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SummaryDedSec has given you the truth. Do what you will.
The Good* Hacking, parkour, puzzles, and driving are majorly improved.
* San Fransisco is a vibrant and colorful place to explore
* Drones are a lot of fun to use
* Multiple paths for completing missions
* Fun online multiplayer elements
The Bad* Story is uninteresting and far too long
* Stealth is frustrating
* Smaller mission and side activity variety compared to the original
The Bottom LineThe original Watch Dogs was a fascinating game with many good ideas and a unique take on the open-world crime genre, being less focused on traditional crime and more about vigilanteism and hacking. It suffered from an unfocused narrative, a main character that was difficult to like, and a general lack of gameplay options. Nevertheless, it was a huge commercial hit, and it was obvious from the week one sales that a sequel was going to be greenlit. After a surprisingly short amount of time (just 2 years and 6 months from the original) Watch Dogs 2 finally arrived in November of 2016, just in time for the holiday blockbuster season. Watch Dogs 2 follows an entirely different set of hackers from the first game, this time in San Francisco and the surrounding areas. You play as Marcus Holloway, a young hacker who was blamed by ctOS 2.0 for crimes he never committed thanks to inaccurate profiling. After breaking into a datacenter to reset his profile, Marcus is recruited by DedSec, the same hacktivist group that Aiden Pearce crossed paths with in the first game. DedSec’s goal is to earn enough followers to take down the technology megacorporation Blume, which built ctOS. Along the way, you’ll use your hacking and sneaking skills to infiltrate corporations and gangs, exposing their corruption and lies to the public.
The first Watch Dogs was a violent revenge tale dealing with the dark, seedy underbelly of society, By contrast, Watch Dogs 2 is much more cartoonish and comic, with a satirical approach to the trappings of modern life. There are definitely some serious moments to be sure, but for much of the time, the game has fun just skewering everything California from Google and Facebook to Hollywood and Scientology. Even Ubisoft gets to poke fun at themselves during a small side mission where you hack into their San Francisco offices.
I can’t really say if I’m the biggest fan of this overall shift in tone. While I certainly don’t mind a more lighthearted game after how heavy Watch Dogs was, Watch Dogs 2 comes across as oversteering in the opposite direction. Ubisoft is also trying way too hard to prove that they are “down and with it”, seemingly pandering to the subset of the millennial generation who see themselves as edgy and cool. WD2’s anarcho-punk/hip-hop aesthetic is entirely at odds with the corporate, AAA game that it actually is. I almost get the feeling that none of the characters would actually want to play Watch Dogs 2 if it were a video game in their world, with its very unrealistic, stylized, “Hollywood” portrayal of hacking that they ironically protest against in an early main mission. Nevertheless, the main crew of DedSec are mostly likable apart from their need to swear in seemingly every other sentence. In general, the storytelling is more episodic than the first game. There’s even less of a through-thread connecting each of the missions compared to the first, which makes the game seem tedious as you can never really see a clear ending or goal in sight. None of the story really makes any kind of impression, despite the numerous cutscenes and the actually quite good voice acting - it’s too busy trying to be cool and hip to let things like emotional resonance or thoughtful moments get in the way. it all simply flows from one mission to the next, which is disappointing.
Watch Dogs 2’s world map is much larger then the first, and it is fully open to explore from the beginning of the game. As with the original game, San Francisco is not exactly a 1-1 recreation, but it’s mostly close enough to give you the sense of being there. For one thing, the streets are much emptier than the real city, however, though this was likely more for hardware and gameplay purposes more than anything. Nevertheless, I was actually able to locate the building where I stayed for several months in San Francisco, which was a very neat touch. Many famous landmarks, including the Golden Gate Bridge, Coit Tower, and Pier 39 are all present and accounted for in Watch Dogs 2, though a few areas have been slightly altered for this alternate-history universe.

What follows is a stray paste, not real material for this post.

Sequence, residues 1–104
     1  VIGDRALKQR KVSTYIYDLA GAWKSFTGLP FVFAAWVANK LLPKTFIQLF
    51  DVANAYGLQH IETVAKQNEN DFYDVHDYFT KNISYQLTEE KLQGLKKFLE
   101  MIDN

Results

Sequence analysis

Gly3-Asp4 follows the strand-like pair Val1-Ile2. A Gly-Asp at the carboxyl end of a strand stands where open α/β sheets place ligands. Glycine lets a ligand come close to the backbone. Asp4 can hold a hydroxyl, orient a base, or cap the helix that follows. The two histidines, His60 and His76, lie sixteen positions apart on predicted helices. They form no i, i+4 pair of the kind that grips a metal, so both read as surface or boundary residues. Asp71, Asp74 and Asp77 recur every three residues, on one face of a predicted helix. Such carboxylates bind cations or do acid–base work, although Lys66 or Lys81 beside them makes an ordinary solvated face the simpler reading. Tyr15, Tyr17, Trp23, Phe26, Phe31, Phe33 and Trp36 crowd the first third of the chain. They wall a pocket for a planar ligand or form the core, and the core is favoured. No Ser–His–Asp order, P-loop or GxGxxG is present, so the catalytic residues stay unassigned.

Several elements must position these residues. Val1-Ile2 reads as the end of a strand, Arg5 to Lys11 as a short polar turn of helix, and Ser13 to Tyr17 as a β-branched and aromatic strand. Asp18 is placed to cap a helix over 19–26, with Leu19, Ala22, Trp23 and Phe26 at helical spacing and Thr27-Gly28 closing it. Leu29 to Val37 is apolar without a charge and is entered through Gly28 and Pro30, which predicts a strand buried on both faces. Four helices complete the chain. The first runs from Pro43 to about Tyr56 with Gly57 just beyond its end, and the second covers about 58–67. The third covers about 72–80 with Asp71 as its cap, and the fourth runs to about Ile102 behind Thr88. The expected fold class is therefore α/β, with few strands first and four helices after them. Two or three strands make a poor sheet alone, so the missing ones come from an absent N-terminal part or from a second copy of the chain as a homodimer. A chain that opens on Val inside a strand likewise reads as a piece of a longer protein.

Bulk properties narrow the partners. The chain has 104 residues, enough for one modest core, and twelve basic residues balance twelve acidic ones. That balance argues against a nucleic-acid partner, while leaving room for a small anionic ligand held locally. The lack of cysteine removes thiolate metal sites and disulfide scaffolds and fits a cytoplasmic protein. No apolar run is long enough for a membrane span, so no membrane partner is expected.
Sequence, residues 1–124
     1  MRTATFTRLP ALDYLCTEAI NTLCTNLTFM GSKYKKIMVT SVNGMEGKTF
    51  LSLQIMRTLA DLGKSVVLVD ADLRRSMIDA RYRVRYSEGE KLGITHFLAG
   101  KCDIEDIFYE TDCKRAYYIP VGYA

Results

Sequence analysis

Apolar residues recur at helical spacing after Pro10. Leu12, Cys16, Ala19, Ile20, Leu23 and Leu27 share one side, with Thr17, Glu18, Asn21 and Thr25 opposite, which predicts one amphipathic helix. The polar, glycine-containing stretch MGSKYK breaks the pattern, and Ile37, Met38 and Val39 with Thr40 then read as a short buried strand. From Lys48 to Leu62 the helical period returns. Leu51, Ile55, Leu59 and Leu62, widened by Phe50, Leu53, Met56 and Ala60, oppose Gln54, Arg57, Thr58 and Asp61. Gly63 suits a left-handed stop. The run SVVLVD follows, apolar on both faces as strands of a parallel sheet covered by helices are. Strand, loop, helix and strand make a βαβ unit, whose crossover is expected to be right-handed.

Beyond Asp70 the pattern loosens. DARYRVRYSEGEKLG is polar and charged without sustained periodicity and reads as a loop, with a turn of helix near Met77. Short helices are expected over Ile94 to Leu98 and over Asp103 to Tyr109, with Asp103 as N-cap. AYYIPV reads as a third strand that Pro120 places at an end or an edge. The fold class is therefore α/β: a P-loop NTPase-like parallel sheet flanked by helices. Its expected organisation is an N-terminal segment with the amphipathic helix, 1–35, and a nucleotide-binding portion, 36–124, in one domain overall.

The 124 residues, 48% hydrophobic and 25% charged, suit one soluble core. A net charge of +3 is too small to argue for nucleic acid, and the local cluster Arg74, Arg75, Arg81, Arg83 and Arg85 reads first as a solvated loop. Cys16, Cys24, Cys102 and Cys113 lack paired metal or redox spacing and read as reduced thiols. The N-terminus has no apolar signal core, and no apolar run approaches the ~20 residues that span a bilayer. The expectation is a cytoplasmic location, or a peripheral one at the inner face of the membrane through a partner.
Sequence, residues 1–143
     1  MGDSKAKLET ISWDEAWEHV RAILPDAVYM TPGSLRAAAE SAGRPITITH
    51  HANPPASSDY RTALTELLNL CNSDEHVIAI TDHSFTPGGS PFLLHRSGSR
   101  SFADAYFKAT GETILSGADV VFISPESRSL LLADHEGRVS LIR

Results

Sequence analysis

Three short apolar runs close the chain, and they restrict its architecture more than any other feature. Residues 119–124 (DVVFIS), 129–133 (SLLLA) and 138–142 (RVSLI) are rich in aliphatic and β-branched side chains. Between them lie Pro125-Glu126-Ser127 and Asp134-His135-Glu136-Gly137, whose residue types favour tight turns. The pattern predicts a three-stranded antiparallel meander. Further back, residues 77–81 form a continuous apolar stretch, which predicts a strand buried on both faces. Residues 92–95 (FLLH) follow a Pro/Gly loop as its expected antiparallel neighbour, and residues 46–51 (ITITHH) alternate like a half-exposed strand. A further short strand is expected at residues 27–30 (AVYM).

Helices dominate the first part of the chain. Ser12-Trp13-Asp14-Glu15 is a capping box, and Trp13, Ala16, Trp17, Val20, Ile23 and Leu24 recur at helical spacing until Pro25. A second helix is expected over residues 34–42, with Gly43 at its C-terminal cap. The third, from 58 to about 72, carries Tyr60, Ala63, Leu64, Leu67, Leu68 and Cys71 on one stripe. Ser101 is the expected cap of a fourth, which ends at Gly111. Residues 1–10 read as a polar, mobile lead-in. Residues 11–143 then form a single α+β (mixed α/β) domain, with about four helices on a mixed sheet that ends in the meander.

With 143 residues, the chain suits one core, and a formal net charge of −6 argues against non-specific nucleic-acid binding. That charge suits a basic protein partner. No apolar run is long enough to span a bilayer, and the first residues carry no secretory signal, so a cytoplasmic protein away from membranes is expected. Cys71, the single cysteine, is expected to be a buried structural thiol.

The best things about Watch Dogs 2 are the gameplay improvements over the original. For one thing, there is now a selection of non-lethal weapons available to use, making stealth a much more viable option compared to the first game. The developers even said that it’s possible to play the entire game without killing anyone. This greatly benefits the game’s more lighthearted tone, though there are still plenty of lethal options available for those who wish to go that route. The only issue with stealth is that bodies still cannot be moved, and this time, stunned enemies don’t stay down for long and can be woken up by fellow guards, so you’ll have to be even smarter when choosing exactly where and when you take down guards. In fact, I generally found that it was better to simply not touch guards at all unless it was absolutely necessary to get into an area, as this usually tends to create more chaos than you might intend. For example, I would hack something on one side of a building to distract guards, then climb in on another. Annoyingly, missing a shot with your stun-gun can mean the difference between staying undetected and having all the alarms go off.
There are also more options for hacking and manipulating the environment compared to the first game. You can set traps in the environment which will stun or kill an enemy when they walk near it. When hacking objects, you have several options, including distract, shutdown, and trigger. A new feature called “NetHack” allows Marcus to see hackable objects and enemies through solid walls to a certain extent, making it much easier to get your bearings when hacking cameras compared to the first game. You can send gangs or cops to kill or arrest specific targets. You can also hack cars and drive them without actually sitting in the driver’s seat. Other objects, such as lifts and cranes, can be hacked to create pathways for Marcus to climb up over ledges or jump over gaps. All told, the puzzle-platforming and parkour elements are even better here than the original, and hacking to accomplish objectives in creative ways is much more fun. In one side mission, I had to destroy a bunch of devices holding important data.sitting in a garage. Rather than go in myself, I remotely hacked a construction platform and simply bashed it into the servers. To my surprise, it actually worked! This kind of creativity simply wasn’t allowed with the hacking in the first game.